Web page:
Founder of electric vehicle initiative assures company will turn profit; calls to find more ‘Better Places,’ establish successful regulation

Tomer Hadar, Calcalist
Published: 03.14.12, 08:44 / Israel Business

“Ever since last summer, ‘profitable’ has become a dirty word in Israel, but we’ll be profitable,” assured Better Place founder Shai Agassi at the first national conference on green growth held this week by Calcalist and the Environmental Protection Ministry.

“Better Place’s model is a profitable model. When I look at our ability to provide strategic technology to China, it’s an ability which can be an asset to us. This kind of model can work only if it’s profitable. A model which isn’t profitable and subsidized by the government will fail. In the end, an unprofitable project is a failed project. We’re not ashamed to be profitable – it’s not a dirty word,” Agassi said.

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“Better Place was founded four years ago. Since then we’ve raised considerable funds, people are already on the road and in February we’ve even surpassed 100,000 electrical kilometers in Israel with no fuel. Some people say our energy is coal based and therefore causes pollution – well, it’s still not liquid fuel.”

Agassi continued: “We’ve had a lot of projects but there were several rules to which I had to follow. First, the government demanded we raise funds from private investors and spend them in the country. We were sent to raise funds in the amount equal to one week of fuel usage in Israel. Since we began, we’ve raised $750 million – risk-free for the government. Secondly, jobs. Better Place has spent a billion and a half shekels (nearly $0.5 million) which translates into jobs.

Shai Agassi (Photo: Reuters)
Shai Agassi (Photo: Reuters)

“All in all, by the end of 2011, some NIS 3.5 billion ($92 million) were invested in creating jobs in Israel. The significance to Israel’s economy is immense… We’ve created a strategic advantage for Israel. This week someone teased me about the power cut we had, but I told him I’ve still got 150 kilometers left in the battery – more than enough to get to a replacement station. I asked him something else – what’s he going to do when there will be a shortage in fuel? Because when that happens you’re going to need a lot more then a half an hour to fix it. We have an electric car which is faster than a regular car and costs less money,” explained Agassi.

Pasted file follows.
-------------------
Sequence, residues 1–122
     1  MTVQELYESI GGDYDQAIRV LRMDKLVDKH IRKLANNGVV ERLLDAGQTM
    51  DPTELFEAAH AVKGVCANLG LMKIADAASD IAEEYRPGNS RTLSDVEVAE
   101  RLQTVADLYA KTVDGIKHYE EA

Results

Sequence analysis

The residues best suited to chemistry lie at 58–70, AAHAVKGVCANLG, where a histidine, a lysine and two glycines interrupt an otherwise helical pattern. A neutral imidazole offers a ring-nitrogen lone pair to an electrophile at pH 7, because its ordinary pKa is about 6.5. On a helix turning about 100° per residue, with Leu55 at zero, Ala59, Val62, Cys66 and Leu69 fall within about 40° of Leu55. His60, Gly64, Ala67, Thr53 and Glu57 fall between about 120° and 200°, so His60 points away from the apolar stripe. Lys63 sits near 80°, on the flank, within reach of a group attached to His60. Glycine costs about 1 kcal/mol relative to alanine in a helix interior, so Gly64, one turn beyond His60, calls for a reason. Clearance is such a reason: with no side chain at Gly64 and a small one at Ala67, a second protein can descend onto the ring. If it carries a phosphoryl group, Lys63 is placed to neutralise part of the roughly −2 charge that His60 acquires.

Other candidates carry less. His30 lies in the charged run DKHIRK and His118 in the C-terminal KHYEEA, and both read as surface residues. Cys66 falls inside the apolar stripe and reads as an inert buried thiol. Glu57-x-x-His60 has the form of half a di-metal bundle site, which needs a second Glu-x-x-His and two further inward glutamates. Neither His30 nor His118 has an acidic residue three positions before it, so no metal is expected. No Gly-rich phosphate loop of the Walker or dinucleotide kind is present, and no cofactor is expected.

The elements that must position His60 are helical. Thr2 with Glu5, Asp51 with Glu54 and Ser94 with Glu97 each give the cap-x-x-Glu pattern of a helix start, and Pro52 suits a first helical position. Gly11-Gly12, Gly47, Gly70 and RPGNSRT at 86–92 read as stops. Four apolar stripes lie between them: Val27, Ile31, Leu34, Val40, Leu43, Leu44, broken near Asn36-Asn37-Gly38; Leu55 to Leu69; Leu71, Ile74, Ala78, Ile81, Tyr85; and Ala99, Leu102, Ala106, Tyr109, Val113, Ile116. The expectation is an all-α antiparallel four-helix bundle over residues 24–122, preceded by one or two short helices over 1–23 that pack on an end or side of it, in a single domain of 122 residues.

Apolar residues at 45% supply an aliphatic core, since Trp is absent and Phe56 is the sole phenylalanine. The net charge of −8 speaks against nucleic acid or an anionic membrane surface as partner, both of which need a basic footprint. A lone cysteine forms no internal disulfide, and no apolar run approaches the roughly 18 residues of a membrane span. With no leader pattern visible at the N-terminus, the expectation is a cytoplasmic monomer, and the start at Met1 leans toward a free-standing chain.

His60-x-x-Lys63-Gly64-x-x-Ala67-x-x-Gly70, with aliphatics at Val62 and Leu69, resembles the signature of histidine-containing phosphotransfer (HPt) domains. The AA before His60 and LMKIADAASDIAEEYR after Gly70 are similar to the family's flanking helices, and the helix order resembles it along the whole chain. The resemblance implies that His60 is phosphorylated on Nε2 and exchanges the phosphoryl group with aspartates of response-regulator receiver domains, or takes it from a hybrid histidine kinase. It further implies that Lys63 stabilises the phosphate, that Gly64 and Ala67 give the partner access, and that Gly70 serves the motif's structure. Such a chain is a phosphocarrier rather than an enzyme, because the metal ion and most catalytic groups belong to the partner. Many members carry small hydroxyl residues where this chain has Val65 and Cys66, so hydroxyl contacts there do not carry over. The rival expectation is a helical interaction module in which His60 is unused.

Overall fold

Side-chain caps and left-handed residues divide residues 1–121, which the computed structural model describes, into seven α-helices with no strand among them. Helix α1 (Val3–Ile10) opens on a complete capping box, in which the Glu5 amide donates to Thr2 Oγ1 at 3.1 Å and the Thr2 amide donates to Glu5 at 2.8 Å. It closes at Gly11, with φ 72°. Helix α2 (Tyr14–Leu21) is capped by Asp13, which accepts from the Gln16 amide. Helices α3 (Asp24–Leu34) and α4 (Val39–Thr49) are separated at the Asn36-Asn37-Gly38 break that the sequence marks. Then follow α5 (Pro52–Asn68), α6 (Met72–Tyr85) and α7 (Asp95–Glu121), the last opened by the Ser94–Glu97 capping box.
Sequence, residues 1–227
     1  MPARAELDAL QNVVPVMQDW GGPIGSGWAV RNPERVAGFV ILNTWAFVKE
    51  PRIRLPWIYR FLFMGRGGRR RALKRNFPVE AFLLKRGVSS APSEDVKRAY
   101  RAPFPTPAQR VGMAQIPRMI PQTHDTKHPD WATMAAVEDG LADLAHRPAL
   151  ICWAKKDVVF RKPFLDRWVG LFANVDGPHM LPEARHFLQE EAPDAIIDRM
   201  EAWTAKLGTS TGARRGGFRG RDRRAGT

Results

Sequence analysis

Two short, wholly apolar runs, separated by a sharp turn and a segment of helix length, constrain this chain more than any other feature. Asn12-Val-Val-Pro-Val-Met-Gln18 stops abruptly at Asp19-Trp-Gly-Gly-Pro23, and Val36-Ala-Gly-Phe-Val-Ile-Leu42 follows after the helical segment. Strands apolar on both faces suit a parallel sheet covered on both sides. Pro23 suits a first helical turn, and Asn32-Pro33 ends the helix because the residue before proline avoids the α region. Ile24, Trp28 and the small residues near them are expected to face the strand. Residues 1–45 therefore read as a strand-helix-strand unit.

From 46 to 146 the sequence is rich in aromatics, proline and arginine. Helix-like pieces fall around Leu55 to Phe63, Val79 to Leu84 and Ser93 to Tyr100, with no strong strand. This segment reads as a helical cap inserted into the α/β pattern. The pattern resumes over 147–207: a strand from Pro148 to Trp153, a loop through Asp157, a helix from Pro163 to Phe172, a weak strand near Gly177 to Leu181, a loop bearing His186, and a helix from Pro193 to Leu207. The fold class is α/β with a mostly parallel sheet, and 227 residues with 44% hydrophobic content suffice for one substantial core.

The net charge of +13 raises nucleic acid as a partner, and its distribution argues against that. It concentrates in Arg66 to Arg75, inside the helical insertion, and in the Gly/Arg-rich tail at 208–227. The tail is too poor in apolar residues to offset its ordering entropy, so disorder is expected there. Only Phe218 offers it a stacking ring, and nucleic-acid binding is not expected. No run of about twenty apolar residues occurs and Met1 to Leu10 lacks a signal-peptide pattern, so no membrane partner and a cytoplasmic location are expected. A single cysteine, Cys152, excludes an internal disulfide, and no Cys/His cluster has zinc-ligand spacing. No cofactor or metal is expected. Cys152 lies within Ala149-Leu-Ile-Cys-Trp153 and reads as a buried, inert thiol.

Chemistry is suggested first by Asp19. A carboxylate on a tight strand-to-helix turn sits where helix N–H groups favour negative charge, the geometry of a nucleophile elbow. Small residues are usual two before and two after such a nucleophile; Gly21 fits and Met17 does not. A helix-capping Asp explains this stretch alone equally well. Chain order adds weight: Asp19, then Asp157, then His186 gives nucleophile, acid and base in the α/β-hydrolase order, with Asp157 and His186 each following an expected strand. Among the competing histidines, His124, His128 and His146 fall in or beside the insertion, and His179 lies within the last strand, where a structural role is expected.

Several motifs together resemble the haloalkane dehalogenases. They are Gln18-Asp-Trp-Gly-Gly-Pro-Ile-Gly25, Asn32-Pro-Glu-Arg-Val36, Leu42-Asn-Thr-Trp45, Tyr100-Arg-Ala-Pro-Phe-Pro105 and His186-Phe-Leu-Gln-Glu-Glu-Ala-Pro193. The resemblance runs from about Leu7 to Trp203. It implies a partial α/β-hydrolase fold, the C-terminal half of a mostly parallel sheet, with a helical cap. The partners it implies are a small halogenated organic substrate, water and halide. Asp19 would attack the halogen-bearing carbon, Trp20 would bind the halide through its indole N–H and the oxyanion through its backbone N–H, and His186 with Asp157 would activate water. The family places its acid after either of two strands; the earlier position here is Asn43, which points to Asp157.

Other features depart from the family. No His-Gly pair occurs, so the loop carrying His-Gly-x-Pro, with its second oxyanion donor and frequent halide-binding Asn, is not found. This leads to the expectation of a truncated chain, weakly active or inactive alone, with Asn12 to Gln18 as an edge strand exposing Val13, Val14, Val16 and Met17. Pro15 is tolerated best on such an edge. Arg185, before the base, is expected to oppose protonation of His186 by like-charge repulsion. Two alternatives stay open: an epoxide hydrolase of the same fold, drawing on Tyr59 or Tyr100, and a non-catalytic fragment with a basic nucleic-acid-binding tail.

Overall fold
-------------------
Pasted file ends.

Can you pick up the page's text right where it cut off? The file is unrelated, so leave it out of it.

Find more ‘Better Places’

According to him, this sort of thing cannot be done in the rest of the world. “It’s the first time this kind of thing is happening in Israel,” remarked Agassi. “The fact that we’re the first ones in the world doing this is a huge advantage… Cars running on gas are yesterday’s news and each day that goes by with gas-fueled cars being brought into the country is a loss.”

“The Finance Ministry informed us that once we show profit, they’ll collect income tax, by the mileage… Some of the offices wanted to know whether we were a monopoly. How can you be a monopoly without having sold anything yet? It is important to us to be an open network. In such cases, the regulator plays an important role in cultivating a different approach. We must make sure that knowledge-intensive industries should only be taxed after they’ve proven successful…We also need a system of tax deferrals for entrepreneurs who provide services.”

Agassi concluded that “the job of the regulatoris to find five more ‘Better Places’ and to regulate them in such a way that will allow them to succeed and export themselves abroad. If we know how to clean up the Haifa bay, we’ll also be able to clean up Beijing.

“If we know how to duplicate these processes and create a fertile ground, we could create lots of jobs for the next ten years. The entrepreneurs are here already. If we ride the green wave – we’ll be ahead. If we get non-fuel cars on the streets of Tel-Aviv, we can get them to the streets of Munich and New York and create a wave that will carry Israel’s economy for the next decade.”,7340,L-4196226,00.html